But most of the architectural solutions that protect birds also detract from views we enjoy. At Form, this presented a different type of challenge.
In 2007, to protect Toronto’s bird population, the City of Toronto established the Bird-Friendly Development Guidelines. This new environmental standard is intended to protect birds in urban environments. The issue is that unlike humans, birds “see” the world in the ultra-violet spectrum. Unfortunately, this means that glass is literally invisible to them, much as it to humans. It is estimated that at least one million birds are killed each year due to collisions with buildings in the City of Toronto.
Bird Friendly Design Options
Toronto’s new standard requires window applications be installed on the first 12 metres above grade. These visual markers – sometimes dots or patterns – help birds to identify windows as a solid object and prevent collisions. One exciting architectural example of embracing these guidelines and transforming them into stunning design is the Ryerson Student Centre in downtown Toronto. The patterned glass of the buildings’ exterior presents a visually compelling design during the day. In the evening, the pattern seems to disappear as the building is illuminated from within. The result is a beautiful design that also protects the natural habitat in our urban environment.
Another design alternative to limit the amount of reflections on glass is to pattern the panels of the first 12 metres above grade with ‘dots’, such as the glazing used at our Ten York community in downtown Toronto. This alternative to larger patterns on glass buildings is also effective in deterring bird strikes.
A Role-Model in Nature
While potentially exciting, these applications are also visible to the human eye. In the case of our FORM community, located near Queen and McCaul, this presented a unique challenge. Located at Queen and McCaul, just south of both the prestigious OCAD University and the Art Gallery of Ontario, a stunning new piece of public art has been commissioned for the FORM community. Intended to be installed on the ground floor adjacent to the lobby, and enjoyed by all, the glass curtain wall meant to protect the art from the elements, would also obstruct a clear view if covered with bird protection markings. In the heart of a neighbourhood strongly entrenched in artistic appreciation, herein lay the problem. How would we ensure an unobstructed view of a new public piece of artwork without endangering the local bird population. We looked to nature (and Germany) for the solution.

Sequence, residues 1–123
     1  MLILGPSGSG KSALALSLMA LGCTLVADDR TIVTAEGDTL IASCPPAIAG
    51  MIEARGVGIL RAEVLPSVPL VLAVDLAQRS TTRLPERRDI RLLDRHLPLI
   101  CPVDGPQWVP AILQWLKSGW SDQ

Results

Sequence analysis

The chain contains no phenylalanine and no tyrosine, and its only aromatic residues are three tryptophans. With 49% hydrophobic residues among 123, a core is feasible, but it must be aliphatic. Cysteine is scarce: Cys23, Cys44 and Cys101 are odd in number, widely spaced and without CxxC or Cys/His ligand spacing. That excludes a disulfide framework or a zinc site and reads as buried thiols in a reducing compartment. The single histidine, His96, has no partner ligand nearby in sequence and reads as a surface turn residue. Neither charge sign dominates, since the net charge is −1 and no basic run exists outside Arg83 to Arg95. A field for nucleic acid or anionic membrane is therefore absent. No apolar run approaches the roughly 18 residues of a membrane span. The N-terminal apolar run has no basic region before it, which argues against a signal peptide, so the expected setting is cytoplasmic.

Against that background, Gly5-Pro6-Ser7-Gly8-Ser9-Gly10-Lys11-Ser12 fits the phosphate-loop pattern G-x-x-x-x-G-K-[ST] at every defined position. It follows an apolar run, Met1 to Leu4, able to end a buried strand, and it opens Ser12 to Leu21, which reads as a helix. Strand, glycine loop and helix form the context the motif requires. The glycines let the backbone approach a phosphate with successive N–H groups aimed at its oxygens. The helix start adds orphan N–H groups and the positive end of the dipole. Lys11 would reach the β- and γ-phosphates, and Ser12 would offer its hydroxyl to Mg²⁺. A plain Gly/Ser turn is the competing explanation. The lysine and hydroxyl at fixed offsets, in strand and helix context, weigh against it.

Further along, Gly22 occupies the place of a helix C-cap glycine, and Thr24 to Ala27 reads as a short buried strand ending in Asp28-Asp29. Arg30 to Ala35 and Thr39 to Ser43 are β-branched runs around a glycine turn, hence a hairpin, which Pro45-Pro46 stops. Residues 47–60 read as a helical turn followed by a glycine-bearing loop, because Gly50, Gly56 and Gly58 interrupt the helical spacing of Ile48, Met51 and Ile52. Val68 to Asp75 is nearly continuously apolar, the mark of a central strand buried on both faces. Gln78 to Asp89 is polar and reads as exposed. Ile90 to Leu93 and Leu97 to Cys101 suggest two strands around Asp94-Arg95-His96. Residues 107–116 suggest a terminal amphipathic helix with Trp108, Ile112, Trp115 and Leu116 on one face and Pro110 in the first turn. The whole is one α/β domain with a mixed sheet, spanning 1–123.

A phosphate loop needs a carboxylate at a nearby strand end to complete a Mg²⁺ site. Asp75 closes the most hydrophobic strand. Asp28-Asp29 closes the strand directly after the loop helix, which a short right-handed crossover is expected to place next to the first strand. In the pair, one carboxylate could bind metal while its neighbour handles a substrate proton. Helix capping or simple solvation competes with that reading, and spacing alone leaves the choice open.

Watch BBC Stories on Protecting our Bird Population and What the City of Toronto is Doing
Simply put, as nature has evolved over the millennia, it has engineered solutions to problems which presented an obstacle to survival. How does this apply to an art installation at FORM? While birds cannot discern glass as a solid object, they are able to “see” things in the ultra-violet spectrum, like spider webs. Spider webs are something that our eyes do not typically detect unless light is reflected from them in a particular way. Otherwise, they are almost invisible to the human eye. It offered the perfect solution: windows engineered with a ‘spider-web’ imprinted in the glass; almost invisible to the human eye but clearly seen by birds.
We discovered Ornilux Bird Protection windows, manufactured by Arnold Glass. Made in Germany, Ornilux Glass is manufactured with a layer of ultra violet glazing on it’s surface. This pattern of random lines is designed to imitate a spider’s web. The lines make it visible to birds, who are then able to avoid a collision. Meanwhile, the human eye can only perceive the lines in a minimal way and their view remains mostly uninterrupted.
Innovative leadership in the construction industry
A nine time winner of the BILD Green Builder of the Year Mid-High Rise Award, Tridel is an acknowledged industry leader in environmentally-friendly and innovative residential development. Our philosophy is firmly rooted in the principal of building quality, sustainable homes for our residents and their communities.
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